Calibration drift of new blood pressure measuring devices in a retail pharmacy environment
High blood pressure is a key risk factor for the development of cardiovascular disease and a major cause of morbidity and mortality worldwide. An accurate blood pressure monitoring device is fundamental to all blood pressure measurements in the diagnosis and control of hypertension. However, the drift in accuracy over time of a new device for detecting suboptimal blood pressure control is not known.
The aim of this research is to ascertain if electronic sphygmomanometers used in daily practice in a retail pharmacy environment lose accuracy over time and if so what factors affect this. From this we intend to determine the most appropriate calibration interval and its effect on the accuracy of blood pressure measuring devices.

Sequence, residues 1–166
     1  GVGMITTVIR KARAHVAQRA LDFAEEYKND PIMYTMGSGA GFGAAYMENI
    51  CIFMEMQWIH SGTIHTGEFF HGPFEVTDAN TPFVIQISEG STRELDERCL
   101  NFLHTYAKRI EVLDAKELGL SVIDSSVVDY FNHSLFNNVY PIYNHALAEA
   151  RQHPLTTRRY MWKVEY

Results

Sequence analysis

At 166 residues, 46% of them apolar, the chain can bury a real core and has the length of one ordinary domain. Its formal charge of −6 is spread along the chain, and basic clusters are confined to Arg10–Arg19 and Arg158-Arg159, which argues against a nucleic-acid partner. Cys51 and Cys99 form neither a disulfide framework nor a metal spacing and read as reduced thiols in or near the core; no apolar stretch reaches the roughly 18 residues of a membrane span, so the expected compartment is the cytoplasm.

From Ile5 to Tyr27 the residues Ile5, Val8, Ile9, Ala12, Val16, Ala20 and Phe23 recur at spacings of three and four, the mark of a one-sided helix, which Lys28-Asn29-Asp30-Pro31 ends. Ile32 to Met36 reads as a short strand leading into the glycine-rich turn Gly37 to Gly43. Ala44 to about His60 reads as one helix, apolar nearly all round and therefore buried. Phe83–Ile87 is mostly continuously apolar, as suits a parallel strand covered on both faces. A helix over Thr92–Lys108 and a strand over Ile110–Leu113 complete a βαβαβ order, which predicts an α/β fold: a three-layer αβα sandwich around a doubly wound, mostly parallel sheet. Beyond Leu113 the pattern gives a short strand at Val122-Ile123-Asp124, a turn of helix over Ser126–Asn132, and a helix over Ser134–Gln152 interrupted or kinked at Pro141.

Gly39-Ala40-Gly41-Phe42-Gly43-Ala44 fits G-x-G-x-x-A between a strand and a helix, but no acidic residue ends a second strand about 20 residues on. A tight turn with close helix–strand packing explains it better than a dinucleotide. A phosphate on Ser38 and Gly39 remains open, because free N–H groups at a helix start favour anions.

We are assessing the calibration drift of a validated automatic blood pressure monitor used by a retail pharmacy chain. The pharmacy chain commenced use of the monitor - made available for members of the public to use free of charge - in many of its pharmacies at the same time, thus providing a large cohort of monitors whose performance over time can be evaluated.
None as yet. Fieldwork is currently underway.
Available on request.